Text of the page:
• Re: A little disappointed in some prices

                                              Yes, this is the key thing.

                                               

                                              WE have some percentage of readers who either can't wait or don't care. That makes it viable for Publishers to keep charging prices that are higher than what would be a reasonable win-win situation/solution.

                                               

                                              All we need is for most readers to say - If it's priced unfairly I'll wait till it's fine.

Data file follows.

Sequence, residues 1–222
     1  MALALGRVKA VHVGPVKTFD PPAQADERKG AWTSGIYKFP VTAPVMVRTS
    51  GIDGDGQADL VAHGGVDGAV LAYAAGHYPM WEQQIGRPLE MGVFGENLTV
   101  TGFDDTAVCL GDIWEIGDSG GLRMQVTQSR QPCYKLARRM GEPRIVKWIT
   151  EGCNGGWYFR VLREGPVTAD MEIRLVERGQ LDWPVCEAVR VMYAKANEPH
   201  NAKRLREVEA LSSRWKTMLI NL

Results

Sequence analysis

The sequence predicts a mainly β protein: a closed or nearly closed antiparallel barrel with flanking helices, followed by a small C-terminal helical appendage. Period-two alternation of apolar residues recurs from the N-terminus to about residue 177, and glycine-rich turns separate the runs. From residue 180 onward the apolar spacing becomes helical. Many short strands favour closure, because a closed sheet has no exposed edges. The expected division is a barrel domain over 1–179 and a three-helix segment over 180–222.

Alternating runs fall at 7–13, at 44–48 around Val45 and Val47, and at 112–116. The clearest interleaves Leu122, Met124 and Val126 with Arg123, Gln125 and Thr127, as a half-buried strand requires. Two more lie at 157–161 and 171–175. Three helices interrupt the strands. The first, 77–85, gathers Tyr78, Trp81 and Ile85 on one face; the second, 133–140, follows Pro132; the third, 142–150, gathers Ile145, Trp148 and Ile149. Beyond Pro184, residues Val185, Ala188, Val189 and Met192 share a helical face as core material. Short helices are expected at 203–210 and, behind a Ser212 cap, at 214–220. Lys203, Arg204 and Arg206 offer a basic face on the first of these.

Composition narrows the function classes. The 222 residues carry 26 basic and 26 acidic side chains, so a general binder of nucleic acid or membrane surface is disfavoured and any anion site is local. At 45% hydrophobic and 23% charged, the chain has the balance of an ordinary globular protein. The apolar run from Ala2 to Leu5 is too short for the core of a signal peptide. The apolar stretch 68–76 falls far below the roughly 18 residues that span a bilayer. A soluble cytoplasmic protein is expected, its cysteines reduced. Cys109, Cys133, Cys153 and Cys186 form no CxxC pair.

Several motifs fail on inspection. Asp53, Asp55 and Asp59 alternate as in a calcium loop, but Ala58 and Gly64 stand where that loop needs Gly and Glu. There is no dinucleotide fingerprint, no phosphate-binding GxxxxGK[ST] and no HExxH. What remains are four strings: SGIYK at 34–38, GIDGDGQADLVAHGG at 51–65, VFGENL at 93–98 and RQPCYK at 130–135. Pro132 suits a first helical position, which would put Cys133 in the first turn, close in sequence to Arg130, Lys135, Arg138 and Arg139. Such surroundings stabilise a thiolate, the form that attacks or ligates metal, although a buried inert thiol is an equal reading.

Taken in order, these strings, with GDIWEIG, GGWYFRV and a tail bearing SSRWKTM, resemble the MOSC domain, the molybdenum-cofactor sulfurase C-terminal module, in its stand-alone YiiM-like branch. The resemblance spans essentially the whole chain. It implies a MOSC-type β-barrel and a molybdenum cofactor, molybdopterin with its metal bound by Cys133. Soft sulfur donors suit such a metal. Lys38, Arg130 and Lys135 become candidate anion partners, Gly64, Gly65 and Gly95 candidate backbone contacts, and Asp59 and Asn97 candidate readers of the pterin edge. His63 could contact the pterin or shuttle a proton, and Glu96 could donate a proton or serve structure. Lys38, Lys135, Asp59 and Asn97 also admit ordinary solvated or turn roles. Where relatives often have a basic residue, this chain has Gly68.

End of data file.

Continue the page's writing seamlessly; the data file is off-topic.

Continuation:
You can't blame publsihers for taking advantag eof people's lack of patience. They are a business after all and convenience and immediate availability is, sort of, a product.

                                            • Re: A little disappointed in some prices
                                              There are MANY great FREE books available from BN for your Nook Color! I have found several authors I never heard of and now LOVE!!! Not ALL great books are best sellers! Search for free downloads for Nook Color or whatever you have! There are literally thousands of free titles! Good hunting!!! :smileyhappy:)) Also your public library is a GREAT place for EBOOKS! I read all the Stackhouse books for FREE!!!